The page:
PENGUINS LIVE ... AND LET DIE

Families across the country ate their bird and had it, too over the Thanksgiving holiday weekend. In a curious bit of irony, Happy Feet, an animated film about saving monarch penguins in Antartica, was the number one film at the box office on the day that millions of Americans feasted on turkeys. According to ShowBizData.com, the Warner Bros. movie earned $50.8 million between Wednesday and Sunday ($37.2 million from Friday to Sunday). In second place was Sony/MGM's Casino Royale, which raked in $45.4 million over the five-day period ($31.3 million for the three-day). Disney's Déjà Vu debuted in third place with $28.6 million ($20.4 million over the three days). Associated Press writer David Germain described the holiday as "sturdy but unremarkable." It was down 3.4 percent from the comparable weekend last year, which saw Harry Potter and the Goblet of Fire leading with $81 million.

The top ten films for the weekend, according to final figures provided by ShowBizData.com:

1. Happy Feet, $37.02 million; 2. Casino Royale, $31.3 million; 3. Déjà Vu, $20.38 million; 4. Deck the Halls, $11.76 million; 5. Borat: Cultural Learnings of America for Make Benefit Glorious Nation of Kazakhstan, $10.29 million; 6. The Santa Clause 3: The Escape Clause, $10.12 million; 7. Flushed Away, $5.82 million; 8. Stranger Than Fiction, $5.73 million; 9. Bobby, $4.75 million; 10. The Fountain, $3.75 million.

BOX OFFICE OFFSETS LAST YEAR'S LOSSES

So far this year, total box-office revenue is up 5.5 percent above last year when it was down 5.2 percent from 2004. And, after declining every year for three consecutive years, attendance is up 3.9 percent. (In 2005, it was down 7.1 percent.) Analysts attributed the upswing to a larger output of films this year, appealing to a wide range of moviegoers. Today's (Monday) Los Angeles Times observed that by the end of the year, 154 films will have had wide openings in at least 1,000 theaters -- a 17 percent increase over 2005. Total domestic box-office revenue for 2006 now stands at $8.4 billion, compared with $8 billion at this date a year ago. (Last year marked the first time since 2001 that the box office failed to pass the $9-billion mark.)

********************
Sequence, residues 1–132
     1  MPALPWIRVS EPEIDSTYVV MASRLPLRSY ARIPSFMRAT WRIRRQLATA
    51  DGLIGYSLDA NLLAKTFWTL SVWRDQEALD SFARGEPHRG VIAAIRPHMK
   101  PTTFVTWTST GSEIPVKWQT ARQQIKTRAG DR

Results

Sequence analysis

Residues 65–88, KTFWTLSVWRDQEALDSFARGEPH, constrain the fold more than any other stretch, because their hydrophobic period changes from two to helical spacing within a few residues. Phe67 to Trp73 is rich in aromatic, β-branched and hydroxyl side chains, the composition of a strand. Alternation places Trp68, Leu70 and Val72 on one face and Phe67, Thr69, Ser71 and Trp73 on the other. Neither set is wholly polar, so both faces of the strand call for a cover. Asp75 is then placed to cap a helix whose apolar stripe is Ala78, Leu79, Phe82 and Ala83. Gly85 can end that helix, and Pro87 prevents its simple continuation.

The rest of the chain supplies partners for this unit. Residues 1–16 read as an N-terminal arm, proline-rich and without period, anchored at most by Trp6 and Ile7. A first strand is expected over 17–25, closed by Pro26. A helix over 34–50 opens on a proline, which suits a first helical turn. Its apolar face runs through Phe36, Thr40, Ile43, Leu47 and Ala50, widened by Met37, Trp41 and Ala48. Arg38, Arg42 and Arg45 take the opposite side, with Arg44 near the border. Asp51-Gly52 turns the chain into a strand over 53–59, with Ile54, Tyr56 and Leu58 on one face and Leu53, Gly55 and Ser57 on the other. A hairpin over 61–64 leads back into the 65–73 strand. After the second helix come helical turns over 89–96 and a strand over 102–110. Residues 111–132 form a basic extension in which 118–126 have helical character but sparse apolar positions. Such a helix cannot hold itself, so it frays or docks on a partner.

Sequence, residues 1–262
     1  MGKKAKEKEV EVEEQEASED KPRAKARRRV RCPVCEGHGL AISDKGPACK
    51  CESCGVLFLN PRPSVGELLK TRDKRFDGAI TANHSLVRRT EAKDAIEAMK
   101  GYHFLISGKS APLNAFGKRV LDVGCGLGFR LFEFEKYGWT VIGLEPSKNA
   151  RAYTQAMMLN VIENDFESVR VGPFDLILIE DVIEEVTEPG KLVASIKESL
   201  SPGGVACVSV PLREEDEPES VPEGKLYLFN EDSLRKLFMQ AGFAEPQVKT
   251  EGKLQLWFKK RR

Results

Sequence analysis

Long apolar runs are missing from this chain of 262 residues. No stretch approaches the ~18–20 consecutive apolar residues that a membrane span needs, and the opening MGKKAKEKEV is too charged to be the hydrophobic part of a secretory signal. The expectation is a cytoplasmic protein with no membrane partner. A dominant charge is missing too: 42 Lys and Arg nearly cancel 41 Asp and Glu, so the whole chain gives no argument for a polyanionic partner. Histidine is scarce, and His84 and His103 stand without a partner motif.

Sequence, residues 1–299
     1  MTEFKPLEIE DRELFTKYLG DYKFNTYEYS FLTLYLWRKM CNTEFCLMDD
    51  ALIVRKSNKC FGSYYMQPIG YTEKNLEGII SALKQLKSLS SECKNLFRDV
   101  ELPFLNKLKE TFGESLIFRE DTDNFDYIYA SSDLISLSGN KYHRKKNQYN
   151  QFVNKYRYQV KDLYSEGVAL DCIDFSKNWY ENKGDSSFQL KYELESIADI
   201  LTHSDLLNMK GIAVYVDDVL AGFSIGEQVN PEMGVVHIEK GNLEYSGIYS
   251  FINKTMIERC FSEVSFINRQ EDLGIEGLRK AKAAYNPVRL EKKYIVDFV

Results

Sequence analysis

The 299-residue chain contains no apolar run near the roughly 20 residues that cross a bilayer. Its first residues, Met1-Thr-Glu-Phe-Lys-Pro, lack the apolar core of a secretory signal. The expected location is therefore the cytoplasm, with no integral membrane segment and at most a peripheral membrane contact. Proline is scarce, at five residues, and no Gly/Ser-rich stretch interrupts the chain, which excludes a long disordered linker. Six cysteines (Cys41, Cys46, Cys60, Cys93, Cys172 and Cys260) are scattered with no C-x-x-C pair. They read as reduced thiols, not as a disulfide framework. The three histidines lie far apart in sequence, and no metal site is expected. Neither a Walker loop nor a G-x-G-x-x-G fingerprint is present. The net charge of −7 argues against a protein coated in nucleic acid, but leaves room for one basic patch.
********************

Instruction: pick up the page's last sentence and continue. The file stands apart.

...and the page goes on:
CASINO ROYALE FLUSHED BY SUCCESS

In nearly every country where it has opened -- the U.S. is the conspicuous exception -- the James Bond movie Casino Royale has dominated the box office. It debuted in first place in 18 additional countries over the weekend, helping to raise its overseas total for the weekend to an estimated $66.2 million and raising its total overseas gross to $108.4 million. It outperformed every previous Bond flick in each country. However, it has done so up to now without the challenge of Happy Feet.

BORAT: A ONE-TIME WONDER?

Although Borat: Cultural Learnings of America for Make Benefit Glorious Nation of Kazakhstan passed the $100-million mark at the box office over the weekend, Universal Pictures may already be "feeling buyer's remorse" over its agreement to pay Sacha Baron Cohen $42.5 million to make a follow-up film in the guise of his gay Austrian fashion designed Bruno, the Los Angeles Times observed today (Monday). According to the newspaper, the studio is concerned about the numerous lawsuits filed against Fox, which released Borat, and the possibility that Baron Cohen may now be so well known that he will be unable to dupe enough people into participating in his on-camera hoaxes. Entertainment lawyer George Hedges told the Times: "Once you have a high-profile situation and you have lawyers circling around, your risk factor is higher."

MOVIE HAS ITS DEBUT IN VATICAN CITY

Catherine Hadwicke's The Nativity Story on Sunday became the first theatrical feature film ever to have its premiere in Vatican City. In an interview with the Associated Press, Hardwicke (Lords of Dogtown, Thirteen), suggested that she attempted to avoid some of the criticism that surrounded Mel Gibson's The Passion of the Christ. "There were some things he did that maybe were a little controversial," she told the wire service. "We wanted our film to be uniting and make the public see the similarities between religions instead of the differences." The film, which is being distributed by New Line Cinema, is set to open domestically on Dec. 1.

Cinemark Movie Club
Brian B.